This question comes up a lot: What percentage of revenue should Home Performance contractors spend on marketing?
Traditional marketing wisdom says that a service business should spend 5% or more of its revenue on marketing, but that newer companies who need to invest in brand-building could spend up to 15% of revenue. Steve McKee recommends on BusinessWeek that businesses pick a percentage to devote to marketing, so future deliberations are framed in terms of “how should we spend this money?” rather than “how much should we spend?” or “can we afford this?”. This makes sense, but what’s the magic number for Home Performance businesses?
Contractor marketing expert Darren Slaughter suggests that most contractors should be able to get away with devoting 5-10% of their gross sales towards marketing, but that a business less than 5 years old should plan to spend at least 15% of gross sales on marketing.
Home Performance contractors, of course, have considerations that other types of contractors don’t have. Namely:
Home Performance remains largely unknown to the average homeowner.
As much as we’re doing to change this (see Energy Circle CEO Peter Troast’s article in this month’s Home Energy Magazine), the simple fact remains that the average homeowner is unaware that our industry even exists. They may have mold problems, they may have drafty rooms or high utility bills, but they don’t know how to fix these problems because they don’t know about the whole-house approach.
In the course of a company’s marketing life, you spend more when you’re introducing a new product or a new brand. It’s a pretty fair assumption that Home Performance is a new product. This would suggests that a Home Performance business’s marketing budget should be greater than other types of contracting businesses.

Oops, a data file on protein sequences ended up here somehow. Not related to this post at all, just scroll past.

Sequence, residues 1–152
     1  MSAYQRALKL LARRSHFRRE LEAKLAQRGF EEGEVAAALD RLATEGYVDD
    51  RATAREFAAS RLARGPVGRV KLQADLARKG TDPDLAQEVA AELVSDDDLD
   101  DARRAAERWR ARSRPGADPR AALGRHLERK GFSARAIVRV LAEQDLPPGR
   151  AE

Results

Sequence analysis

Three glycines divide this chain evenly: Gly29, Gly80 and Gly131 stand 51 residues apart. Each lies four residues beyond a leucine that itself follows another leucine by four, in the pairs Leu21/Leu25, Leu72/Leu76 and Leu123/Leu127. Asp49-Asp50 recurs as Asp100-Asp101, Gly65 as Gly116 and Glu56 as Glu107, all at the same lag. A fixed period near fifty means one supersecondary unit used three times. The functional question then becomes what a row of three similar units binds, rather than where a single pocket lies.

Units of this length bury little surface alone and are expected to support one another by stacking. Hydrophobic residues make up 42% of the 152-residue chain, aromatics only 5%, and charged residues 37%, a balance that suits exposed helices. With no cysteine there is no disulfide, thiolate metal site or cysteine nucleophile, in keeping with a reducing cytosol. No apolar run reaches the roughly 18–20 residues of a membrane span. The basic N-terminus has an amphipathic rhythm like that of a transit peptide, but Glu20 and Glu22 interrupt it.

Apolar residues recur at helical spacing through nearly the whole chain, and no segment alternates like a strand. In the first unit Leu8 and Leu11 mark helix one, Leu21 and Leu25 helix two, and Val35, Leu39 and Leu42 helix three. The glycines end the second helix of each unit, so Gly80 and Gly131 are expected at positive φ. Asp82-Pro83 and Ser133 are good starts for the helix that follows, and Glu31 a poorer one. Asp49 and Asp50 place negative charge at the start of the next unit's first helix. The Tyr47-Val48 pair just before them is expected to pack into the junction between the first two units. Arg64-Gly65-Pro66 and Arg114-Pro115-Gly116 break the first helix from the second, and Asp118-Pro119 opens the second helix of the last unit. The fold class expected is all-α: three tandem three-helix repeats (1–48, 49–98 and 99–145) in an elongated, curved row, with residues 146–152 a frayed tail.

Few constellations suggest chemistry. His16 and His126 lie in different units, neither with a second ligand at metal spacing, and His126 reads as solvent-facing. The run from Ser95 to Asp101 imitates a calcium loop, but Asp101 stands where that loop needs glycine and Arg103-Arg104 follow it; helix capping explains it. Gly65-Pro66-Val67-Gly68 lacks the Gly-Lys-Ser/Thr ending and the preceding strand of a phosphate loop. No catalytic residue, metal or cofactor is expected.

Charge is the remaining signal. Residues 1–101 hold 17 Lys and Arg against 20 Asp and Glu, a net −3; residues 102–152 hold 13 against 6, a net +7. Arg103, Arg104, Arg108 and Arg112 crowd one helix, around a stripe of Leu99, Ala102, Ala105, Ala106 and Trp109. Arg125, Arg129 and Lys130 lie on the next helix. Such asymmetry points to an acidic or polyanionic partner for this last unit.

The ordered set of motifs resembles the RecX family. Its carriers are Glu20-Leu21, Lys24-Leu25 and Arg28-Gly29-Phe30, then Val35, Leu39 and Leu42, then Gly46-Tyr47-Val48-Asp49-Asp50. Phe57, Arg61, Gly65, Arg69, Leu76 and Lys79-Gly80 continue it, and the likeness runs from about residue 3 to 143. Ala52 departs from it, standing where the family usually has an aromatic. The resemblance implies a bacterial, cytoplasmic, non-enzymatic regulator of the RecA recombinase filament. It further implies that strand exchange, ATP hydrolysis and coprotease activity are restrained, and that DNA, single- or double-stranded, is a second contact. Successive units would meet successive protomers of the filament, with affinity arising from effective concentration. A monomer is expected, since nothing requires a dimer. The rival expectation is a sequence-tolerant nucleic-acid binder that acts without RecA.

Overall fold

Consumer Marketing Costs More.
While components of our industry sell to other businesses, such as Raters and Insulation Contractors, most Home Performance businesses are marketing to consumers. That audience is less targeted than say, builders, and therefore generally costs more. Your conversion to sale will be lower, and thus you need to get your offering in front of more people. And, of course, that costs more.
Home Performance projects are typically smaller than many remodeling jobs.
“Contracting” is a broad category, grouping together builders of multi-million dollar homes with small-time drywall contractors. Home Performance contractors fall somewhere in the middle here. At the end of the day, the cost to obtain a job (cost per acquisition) has to be a fraction of your margin on the job.
So what are comparable industries, and what are they spending?
Adams Hudson says the industry average for HVAC is 4.3%. That’s lower than McKee and Slaughter recommend, but that makes sense: HVAC contractors are often partnered with builders so don’t need to market to homeowners directly. And service contracts are repeat business that don’t require much marketing.
Remodeling Magazine says the benchmark for remodeling companies is 3%, but that that figure is slightly skewed since many remodeling companies have no deliberate marketing plan at all, relying solely on word of mouth.
The Green Homes America Model.
At the ACI Home Energy Summit in Austin in 2010, the CEO of Green Homes America stated that they had been paying about $400 per acquisition. At first, that sounds like a lot of money to pay just to get a job, but let’s say the average HP job is worth $7.5K gross. 400 / 7,500 = 5.3%. 5.3% isn't too bad. (Worth noting, however, that Green Homes America is an established, well branded company. A less established HP contracting firm might have to spend more than that.)
We won’t pretend to have the silver-bullet magic number here. The age of your business, the size of your business, the intricacies of your market (whether you’re in Boulder or Wasilla) all play a role. But looking at Green Homes, looking at the recommendations of Slaughter and McKee, and looking at the benchmark of the HVAC and remodeling industries, we think it's pretty clear that you should be spending at least 5% of your revenue on marketing.
What do you think? How much are you willing to pay for a job? How much for a lead?